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A Well Drafted Law – A Myth in Modern India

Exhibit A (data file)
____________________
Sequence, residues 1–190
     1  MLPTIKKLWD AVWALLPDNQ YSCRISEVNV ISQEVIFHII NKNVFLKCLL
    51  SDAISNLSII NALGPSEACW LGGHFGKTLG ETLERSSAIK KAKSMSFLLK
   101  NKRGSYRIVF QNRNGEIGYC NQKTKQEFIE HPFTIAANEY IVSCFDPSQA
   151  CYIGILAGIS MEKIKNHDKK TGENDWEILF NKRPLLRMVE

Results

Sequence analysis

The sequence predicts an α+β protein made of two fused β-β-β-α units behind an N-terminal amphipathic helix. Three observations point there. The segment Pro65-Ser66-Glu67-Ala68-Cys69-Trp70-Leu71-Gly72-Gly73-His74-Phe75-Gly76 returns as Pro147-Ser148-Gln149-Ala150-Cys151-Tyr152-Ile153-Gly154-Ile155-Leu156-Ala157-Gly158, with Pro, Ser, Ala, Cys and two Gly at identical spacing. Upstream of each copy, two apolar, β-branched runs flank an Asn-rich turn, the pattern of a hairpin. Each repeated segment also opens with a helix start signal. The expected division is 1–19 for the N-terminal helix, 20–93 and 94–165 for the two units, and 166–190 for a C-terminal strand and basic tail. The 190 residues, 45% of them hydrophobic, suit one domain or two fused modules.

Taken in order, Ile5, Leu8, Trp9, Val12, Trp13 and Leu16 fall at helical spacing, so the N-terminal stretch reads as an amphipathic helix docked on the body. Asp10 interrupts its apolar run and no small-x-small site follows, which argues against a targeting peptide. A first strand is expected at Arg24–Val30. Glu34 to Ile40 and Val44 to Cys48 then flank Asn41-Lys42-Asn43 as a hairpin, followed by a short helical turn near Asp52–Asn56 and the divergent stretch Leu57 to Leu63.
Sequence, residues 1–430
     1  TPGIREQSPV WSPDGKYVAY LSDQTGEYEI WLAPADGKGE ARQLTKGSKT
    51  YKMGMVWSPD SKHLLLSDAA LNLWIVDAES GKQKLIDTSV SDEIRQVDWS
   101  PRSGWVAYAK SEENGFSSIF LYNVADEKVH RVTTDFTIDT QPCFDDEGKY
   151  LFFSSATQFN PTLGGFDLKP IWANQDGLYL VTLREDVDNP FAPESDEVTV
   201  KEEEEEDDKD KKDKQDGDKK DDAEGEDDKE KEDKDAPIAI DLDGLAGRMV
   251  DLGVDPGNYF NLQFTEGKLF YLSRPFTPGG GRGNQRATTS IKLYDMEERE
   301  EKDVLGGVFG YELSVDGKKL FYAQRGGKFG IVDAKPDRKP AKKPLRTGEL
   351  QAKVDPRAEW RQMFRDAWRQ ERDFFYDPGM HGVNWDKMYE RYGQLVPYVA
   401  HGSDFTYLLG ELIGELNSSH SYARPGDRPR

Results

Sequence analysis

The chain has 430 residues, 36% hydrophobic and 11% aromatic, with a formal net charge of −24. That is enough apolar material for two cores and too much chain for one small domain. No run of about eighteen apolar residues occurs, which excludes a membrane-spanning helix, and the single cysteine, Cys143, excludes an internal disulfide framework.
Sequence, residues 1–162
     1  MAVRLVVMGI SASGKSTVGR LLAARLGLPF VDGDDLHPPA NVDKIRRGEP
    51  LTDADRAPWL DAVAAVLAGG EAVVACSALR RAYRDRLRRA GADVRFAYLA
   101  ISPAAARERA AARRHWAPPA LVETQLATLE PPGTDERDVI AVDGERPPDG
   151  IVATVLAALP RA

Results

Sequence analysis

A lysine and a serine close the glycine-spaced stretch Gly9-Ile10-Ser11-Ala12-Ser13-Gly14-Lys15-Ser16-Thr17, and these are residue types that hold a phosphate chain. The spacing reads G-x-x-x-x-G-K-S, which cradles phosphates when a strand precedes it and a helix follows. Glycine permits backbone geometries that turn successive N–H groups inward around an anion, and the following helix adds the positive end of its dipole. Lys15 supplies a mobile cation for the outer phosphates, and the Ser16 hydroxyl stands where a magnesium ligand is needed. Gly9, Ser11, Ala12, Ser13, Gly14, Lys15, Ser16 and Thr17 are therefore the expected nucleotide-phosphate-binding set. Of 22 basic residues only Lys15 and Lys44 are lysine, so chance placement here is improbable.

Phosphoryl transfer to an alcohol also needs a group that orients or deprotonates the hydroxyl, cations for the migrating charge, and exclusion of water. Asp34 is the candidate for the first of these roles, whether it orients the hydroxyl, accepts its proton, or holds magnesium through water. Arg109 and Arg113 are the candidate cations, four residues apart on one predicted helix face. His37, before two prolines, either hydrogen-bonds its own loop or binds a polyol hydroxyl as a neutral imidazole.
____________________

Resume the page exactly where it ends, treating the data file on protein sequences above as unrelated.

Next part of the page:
first_imgColumnsA Well Drafted Law – A Myth in Modern India Sushan Mhatre1 Jun 2020 9:41 PMShare This – xThe Indian Judiciary, notwithstanding its limitations, has been enforcing the law as best possible in the situations before it. The judiciary knows that the law applicable is often archaic and requires updating. Seemingly going into a duel blindfolded (no pun intended), the judges on numerous occasions interpret such laws using every ounce of dexterity that they can muster, in order…Your free access to Live Law has expiredTo read the article, get a premium account.Your Subscription Supports Independent JournalismSubscription starts from ₹ 599+GST (For 6 Months)View PlansPremium account gives you:Unlimited access to Live Law Archives, Weekly/Monthly Digest, Exclusive Notifications, Comments.Reading experience of Ad Free Version, Petition Copies, Judgement/Order Copies.Subscribe NowAlready a subscriber?LoginThe Indian Judiciary, notwithstanding its limitations, has been enforcing the law as best possible in the situations before it. The judiciary knows that the law applicable is often archaic and requires updating. Seemingly going into a duel blindfolded (no pun intended), the judges on numerous occasions interpret such laws using every ounce of dexterity that they can muster, in order to navigate the murky waters to provide some semblance of justice, albeit late. Over the years, it is obvious that the legislature has not been abreast with the latest goings on in society and in the legal field. The legislature is extremely reactive rather than being proactive while dealing with either entirely new enactments or amendments to the existing statute books. In fact, several statutes have their roots in colonial India, and not in the 21st century. It is common knowledge that judges cannot frame the law; they can only administer it. However, in case of severe need the judiciary has been known to be a beacon of light for the legislature. Despite the judiciary alerting the legislature to the pitfalls in various enactments, the legislature has been known to procrastinate in promulgating laws accordingly, for one political reason or another. A prime example is the Sexual Harassment of Women at Workplace (Prevention, Prohibition and Redressal) Act, 2013. The Supreme Court of India laid down the Vishaka Guidelines in 1997 which were a set of procedural guidelines for use in India in cases of sexual harassment at the workplace. The guidelines were ultimately codified in 2013 by the Sexual Harassment of Women at Workplace (Prevention, Prohibition and Redressal) Act, 2013. The fact that it took the legislature over 15 years to enact a legislation, after the Supreme Court had laid down the guidelines, requires an extremely detailed explanation. Something is amiss. It required a girl to be brutally gang raped in our nation’s capital for the legislature to enact the Criminal Law (Amendment) Act, 2013 also known as the Nirbhaya Act. This Act provided for necessary concomitant amendments to the law relating to sexual offences against women in the Indian Penal Code, the Evidence Act and the Code of Criminal Procedure. Let us examine the latest folly of the legislature of not incorporating concomitant changes in the existing laws while bringing Act No. 40 of 2019 on the statute books. Being marginalised for the inability to fit into the prevalent categories of gender, male or female, transgender persons have faced problems ranging from social exclusion to discrimination, lack of education facilities, unemployment, lack of medical facilities, just to name a few. After years and years of marginalisation by society, the transgender community wanted relief which they were entitled to as citizens of free India. Article 14 of the Constitution guarantees to all persons equality before the law, and Articles 15 and 16, inter alia, prohibit in express terms, discrimination on the ground of sex. But given the fact that discrimination and atrocities against trans people are rampant even in the 21st century, constitutional amendments to Articles 15 and 16 are perhaps required to prohibit discrimination on the grounds of gender because sex and gender are no longer synonymous. During the past decade several groups took up causes for the LGBTQs and approached the Courts for the welfare of trans people. The Apex Court by its landmark Judgment delivered on 15th April 2014 in the case of NALSA v. Union of India reported in (2014) 5 SCC 438 directed the Central and State Governments to take various steps for the welfare of the transgender community and to treat them as a third gender for the purpose of safeguarding their rights under Part III of the Constitution of India and other laws made by the Parliament and State Legislature. The Supreme Court ruled that trans people, on being recognised as a third gender, shall enjoy all fundamental rights, while also being entitled to specific benefits in education and employment. Justice K.S. Radhakrishnan ordered that ‘Transgender persons’ right to decide their ‘self-identified gender’ should be recognized by State and federal authorities. In view of this judgment, the Ministry of Social Justice and Welfare introduced the Transgender Persons (Protection of Rights) Bill, 2016 in the Lok Sabha on 2nd August 2016. The Standing Committee gave its Report on 21st July 2017. However the 2016 Bill lapsed after being passed by the Lok Sabha. Thereafter, the Transgender Persons (Protection of Rights) Bill, 2019 was introduced in Lok Sabha on 19th July 2019 by the Minister for Social Justice and Empowerment. It was passed by both houses and received the assent of the President on 5th December 2019, and hence is known as Transgender Persons (Protection of Rights) Act, 2019 (Act No. 40 of 2019). Currently several criminal and civil laws recognise two categories of gender i.e. man and woman. These include laws such as Indian Penal Code (IPC), Criminal Procedure Code and Hindu Succession Act, amongst others, which contain some gender specific provisions. Though the Transgender Act recognises a third gender i.e. ‘transgender’, it does not clarify how the abovementioned laws will apply to transgender persons. Penalties for similar offences may vary because of the application of different laws, based on prescribed gender identity. For example, under the IPC, sexual offences against women attract a higher penalty (up to life imprisonment or death). On the other hand, while ostensibly protecting the rights and dignity of a transgender person, the maximum punishment prescribed for any offence punishable under the Transgender Act, including sexual abuse of a transgender person, is two years. Is sexual abuse of a transgender person less offensive than a sexual offence against a woman? The term gender as defined under the IPC only includes male and female. Can a person certified under the Act, as a transgender, be either a victim of a crime or a perpetrator of a crime under the IPC? This is a conundrum for the legislature to deal with. Sexual offences mentioned in the IPC specifically stipulate that they can only be perpetrated by a man against a woman. Given the wide definition of the offence of Rape and other sexual offences under the IPC after the enactment of the Criminal Law (Amendment) Act, 2013, a transgender person could arguably be a perpetrator of such offences or also the victim. But the IPC does not recognize the third gender yet. The term ‘victim’ has been defined under the CrPC. There needs to be more clarity as to whether a transgender is a person who can be compensated as victim under the provisions of the CrPC. Correctional Facilities established by the Government have no specific place for a transgender. The Bombay High Court had urged the Government of Maharashtra to look into the matter of having separate transgender prisons / jails. A son or daughter is legally bound to maintain his or her parents, if they have no income. What happens if their only child is a transgender? Can such a child refuse to maintain the parents? Our country’s laws in respect to succession and inheritance need amending because they recognise only male or female genders. Since the Transgender Act recognises the third gender, what happens to their rights vis-à-vis the property of their ancestors under their specific personal laws? Laws of succession whether personal or secular have to evolve and be amended to incorporate the rights of a transgender as envisaged under the provisions of Transgender Act. Further steps need to be taken to secure the rights of trans persons, including their right to inherit property. Another question which arises, is whether a transgender can be adopted or can adopt a child either under personal laws or otherwise? What about the divorce laws of our country? Under the Hindu Marriage Act, a couple may seek a divorce if either of them converts to another religion. However, the Act is silent on the effect of a change in the sexual identity and / or preference of a person. Unfortunately, at the time of enacting the Transgender Persons (Protection of Rights) Act, 2019, it appears that the legislature had failed to recognise the impact of the provisions of this Act on other existing legislations. Unless concomitant changes in the existing laws are the made, the equal rights for and dignity of transgender persons in society will be a mere MYTH.Views Are Personal Only. Subscribe to LiveLaw, enjoy Ad free version and other unlimited features, just INR 599 Click here to Subscribe. All payment options available.loading….Next Storylast_img